for article in dict_feed['rss']['channel']['item']:
  published = datetime.strptime(article['pubDate'], '%a, %d %b %Y %H:%M:%S %z')

  if published > feed_threshold:
Posting to Slack

Before the article can be posted to Slack, it needs to be formatted into an acceptable format. In this case, it is in the format:



Once the message is created, the headers and payload are set with the required variables, and the HTTP POST request is made to Slack.

slack_message = '*{}*\n{}\n\n{}'.format(article['title'], article['link'], article['description'])

headers = {
  'Content-type': 'application/json',
  'Authorization': 'Bearer ' + slack_auth_token
payload = {
  'channel': slack_channel_name,
  'text': slack_message

slack_response = requests.post(



Before creating the story, there are some values we can set. Tines has variables split into Resources and Credentials. Both can be used in multiple stories, but where resources are plain text JSON objects, Credentials are used for hiding generating, and restricting access to auth tokens.


After navigating to the Credentials folder in your team, multiple types of credentials can be created after selecting New Credential. You can read more on each type of credential here, but for this story, we will be using a Text Credential for our Slack bots authentication token.

After selecting the Text Credential, give it a name like slackbot_thn and paste The Hacker News Feed’s Bot User OAuth Token into value. For added security, slack.com can be added to the domain field. This ensures that this credential will only be sent for Slack API calls and will throw an error if it tries to be used elsewhere.

Creating the Story

Creating a story in Tines - Slack news feed
Retrieving the RSS Feed

When retrieving the RSS feed, we need to use an HTTP Request. After providing the URL to the feed and specifying that we are using a GET method, we can retrieve the feed. Optionally, we can specify the content type to be XML as this is the data format used by RSS feeds.

After exploding all the items into articles, we can then pass them through an event trigger. These triggers act like if statements, letting us emit events if they pass certain conditions. In this case, we only want to emit an article if it is younger than 1 day old.

To do this, we can use the Date formula to convert the published date into Unix time. To specify the time limit, we use the Date formula again to get the current Unix time and subtract the length of a day (86400 seconds). Instead of putting the day length into the formula, we can use a Local value. This acts as a variable only present in a single action.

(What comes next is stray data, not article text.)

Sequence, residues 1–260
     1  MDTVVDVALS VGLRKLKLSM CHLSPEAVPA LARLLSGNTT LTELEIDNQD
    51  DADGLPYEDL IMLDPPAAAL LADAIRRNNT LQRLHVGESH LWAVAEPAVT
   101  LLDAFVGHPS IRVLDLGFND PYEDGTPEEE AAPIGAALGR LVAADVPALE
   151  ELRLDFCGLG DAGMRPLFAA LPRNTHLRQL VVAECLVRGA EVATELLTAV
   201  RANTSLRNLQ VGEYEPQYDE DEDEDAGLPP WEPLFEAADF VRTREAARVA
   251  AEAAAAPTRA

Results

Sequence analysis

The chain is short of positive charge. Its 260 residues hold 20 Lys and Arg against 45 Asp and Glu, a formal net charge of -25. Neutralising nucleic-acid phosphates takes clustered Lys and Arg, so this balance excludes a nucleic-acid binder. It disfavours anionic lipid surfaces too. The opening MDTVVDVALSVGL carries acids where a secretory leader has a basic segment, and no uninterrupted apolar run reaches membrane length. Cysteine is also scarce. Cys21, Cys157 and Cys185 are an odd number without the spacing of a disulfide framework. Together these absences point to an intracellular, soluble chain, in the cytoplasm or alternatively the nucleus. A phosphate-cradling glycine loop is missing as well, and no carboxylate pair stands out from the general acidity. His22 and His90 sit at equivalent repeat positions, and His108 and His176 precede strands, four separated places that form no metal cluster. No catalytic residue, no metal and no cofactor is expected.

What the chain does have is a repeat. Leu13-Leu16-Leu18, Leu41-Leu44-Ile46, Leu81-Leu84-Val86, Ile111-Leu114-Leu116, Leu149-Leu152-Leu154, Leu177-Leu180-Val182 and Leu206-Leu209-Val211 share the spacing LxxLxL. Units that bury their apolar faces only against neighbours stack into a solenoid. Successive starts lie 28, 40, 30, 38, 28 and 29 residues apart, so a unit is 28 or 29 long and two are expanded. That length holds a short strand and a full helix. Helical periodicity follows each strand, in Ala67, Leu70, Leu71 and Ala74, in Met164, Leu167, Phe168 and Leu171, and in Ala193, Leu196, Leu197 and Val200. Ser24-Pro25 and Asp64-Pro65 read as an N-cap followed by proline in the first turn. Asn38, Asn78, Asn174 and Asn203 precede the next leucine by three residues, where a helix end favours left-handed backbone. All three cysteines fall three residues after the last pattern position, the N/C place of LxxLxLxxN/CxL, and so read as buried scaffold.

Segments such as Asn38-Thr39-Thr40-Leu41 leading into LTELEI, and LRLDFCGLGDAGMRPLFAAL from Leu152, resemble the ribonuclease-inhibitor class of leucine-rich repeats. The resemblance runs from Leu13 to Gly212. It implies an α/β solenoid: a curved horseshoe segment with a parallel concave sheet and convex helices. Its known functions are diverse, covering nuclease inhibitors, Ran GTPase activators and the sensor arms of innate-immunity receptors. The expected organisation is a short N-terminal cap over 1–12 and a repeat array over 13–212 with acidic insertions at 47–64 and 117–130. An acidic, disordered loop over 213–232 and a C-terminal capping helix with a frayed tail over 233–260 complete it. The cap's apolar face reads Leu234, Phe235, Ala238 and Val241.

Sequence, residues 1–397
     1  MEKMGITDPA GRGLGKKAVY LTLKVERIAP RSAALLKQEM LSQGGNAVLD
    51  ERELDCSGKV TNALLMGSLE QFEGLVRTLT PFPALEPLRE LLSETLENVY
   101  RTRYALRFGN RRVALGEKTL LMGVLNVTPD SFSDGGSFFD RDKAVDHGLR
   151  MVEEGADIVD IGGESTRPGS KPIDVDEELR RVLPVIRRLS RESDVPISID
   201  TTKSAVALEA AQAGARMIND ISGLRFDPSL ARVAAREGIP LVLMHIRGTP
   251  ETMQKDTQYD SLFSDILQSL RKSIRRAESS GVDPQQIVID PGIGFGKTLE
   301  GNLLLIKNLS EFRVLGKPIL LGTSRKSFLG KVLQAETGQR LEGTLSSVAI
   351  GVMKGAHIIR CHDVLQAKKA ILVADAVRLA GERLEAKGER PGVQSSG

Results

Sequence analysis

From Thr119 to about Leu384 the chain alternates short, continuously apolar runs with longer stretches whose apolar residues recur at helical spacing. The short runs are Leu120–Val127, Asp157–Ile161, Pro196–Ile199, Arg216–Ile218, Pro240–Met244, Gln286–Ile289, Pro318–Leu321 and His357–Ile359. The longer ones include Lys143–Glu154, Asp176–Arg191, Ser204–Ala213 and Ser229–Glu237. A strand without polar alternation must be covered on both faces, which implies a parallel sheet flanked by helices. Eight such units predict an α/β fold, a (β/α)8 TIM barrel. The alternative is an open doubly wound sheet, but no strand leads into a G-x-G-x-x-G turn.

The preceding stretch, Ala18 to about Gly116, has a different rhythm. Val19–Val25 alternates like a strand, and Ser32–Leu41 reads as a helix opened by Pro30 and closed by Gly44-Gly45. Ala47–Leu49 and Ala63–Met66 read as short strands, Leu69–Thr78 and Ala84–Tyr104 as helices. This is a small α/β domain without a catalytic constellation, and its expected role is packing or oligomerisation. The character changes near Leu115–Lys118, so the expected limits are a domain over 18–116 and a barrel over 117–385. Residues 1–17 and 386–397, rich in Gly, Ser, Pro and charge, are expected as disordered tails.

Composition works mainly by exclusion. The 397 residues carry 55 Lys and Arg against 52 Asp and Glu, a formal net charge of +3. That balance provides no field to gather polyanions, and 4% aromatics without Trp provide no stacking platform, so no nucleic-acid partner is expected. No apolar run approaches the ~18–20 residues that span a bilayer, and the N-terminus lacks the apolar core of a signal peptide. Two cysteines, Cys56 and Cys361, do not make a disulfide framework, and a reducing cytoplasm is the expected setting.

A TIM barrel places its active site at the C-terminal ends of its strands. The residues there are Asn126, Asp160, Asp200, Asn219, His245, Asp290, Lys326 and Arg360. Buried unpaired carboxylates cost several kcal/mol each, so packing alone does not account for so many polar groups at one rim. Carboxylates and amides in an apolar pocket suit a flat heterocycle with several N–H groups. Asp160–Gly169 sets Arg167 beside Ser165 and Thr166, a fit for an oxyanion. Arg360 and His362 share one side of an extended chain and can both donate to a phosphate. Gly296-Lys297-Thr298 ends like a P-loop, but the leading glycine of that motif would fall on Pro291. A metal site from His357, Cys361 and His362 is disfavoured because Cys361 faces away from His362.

There are multiple reasons you would want to do this. You can use a local value to clean up and simplify an input before putting it into an action, or if you wanted to use a value in multiple parts of the action, or in this case, to make the action more descriptive and improve readability and editability later.

Posting to Slack

When posting to Slack, we will be using an HTTP request again. Like before, the URL and method need to be specified. We are also choosing to specify the content type but this is not necessary. Unlike the last HTTP request, a payload and header need to be specified. If these are not present in your HTTP request action, they can be added by going to the + ption button at the bottom of the build action pane.

The payload acts as the body of an HTTP request. In this case, we need to specify the channel name and the text body. To format the body of the text, we can type in this field and add newlines like a simple text editor. In this case, we will be using the same format as used in the Python script.

In order to bring in the article text, we have to use pills in the text field. To create a pill, press ctrl + space. Pills allow you to use formulas and specify values from previous actions. Using the values as seen in the example below will pull the relevant article data into the story.

Finally, we need to specify the authentication token. The headers of an HTTP request are automatically generated but can be added to or changed using the Headers option. To use the Headers option, add a header key-pair value with the plus symbol to the right. This will create two boxes, the first of which is the header and the second is the value. In this case, we are using an Authentication header with the value being the slack bot token we created earlier. 

As we created the credential in the Tines credential store, we can reference this using a pill. Create the pill as before, however, using the CREDENTIAL formula key, we can specify an credential we have access to from the credential store.

And that's it - we're done!